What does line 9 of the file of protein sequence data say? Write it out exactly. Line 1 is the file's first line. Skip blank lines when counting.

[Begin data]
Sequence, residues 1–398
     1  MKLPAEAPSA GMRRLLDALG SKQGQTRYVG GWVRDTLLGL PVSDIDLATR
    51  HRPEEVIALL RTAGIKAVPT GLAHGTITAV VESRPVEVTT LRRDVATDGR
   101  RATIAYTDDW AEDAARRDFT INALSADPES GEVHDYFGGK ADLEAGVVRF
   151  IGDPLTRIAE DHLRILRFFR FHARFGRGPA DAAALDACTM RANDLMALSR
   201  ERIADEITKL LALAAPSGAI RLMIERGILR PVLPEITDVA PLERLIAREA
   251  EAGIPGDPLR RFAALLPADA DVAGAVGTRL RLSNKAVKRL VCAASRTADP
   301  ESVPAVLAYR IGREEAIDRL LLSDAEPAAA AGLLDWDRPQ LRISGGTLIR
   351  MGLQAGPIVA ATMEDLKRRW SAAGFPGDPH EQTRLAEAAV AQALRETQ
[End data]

   351  MGLQAGPIVA ATMEDLKRRW SAAGFPGDPH EQTRLAEAAV AQALRETQ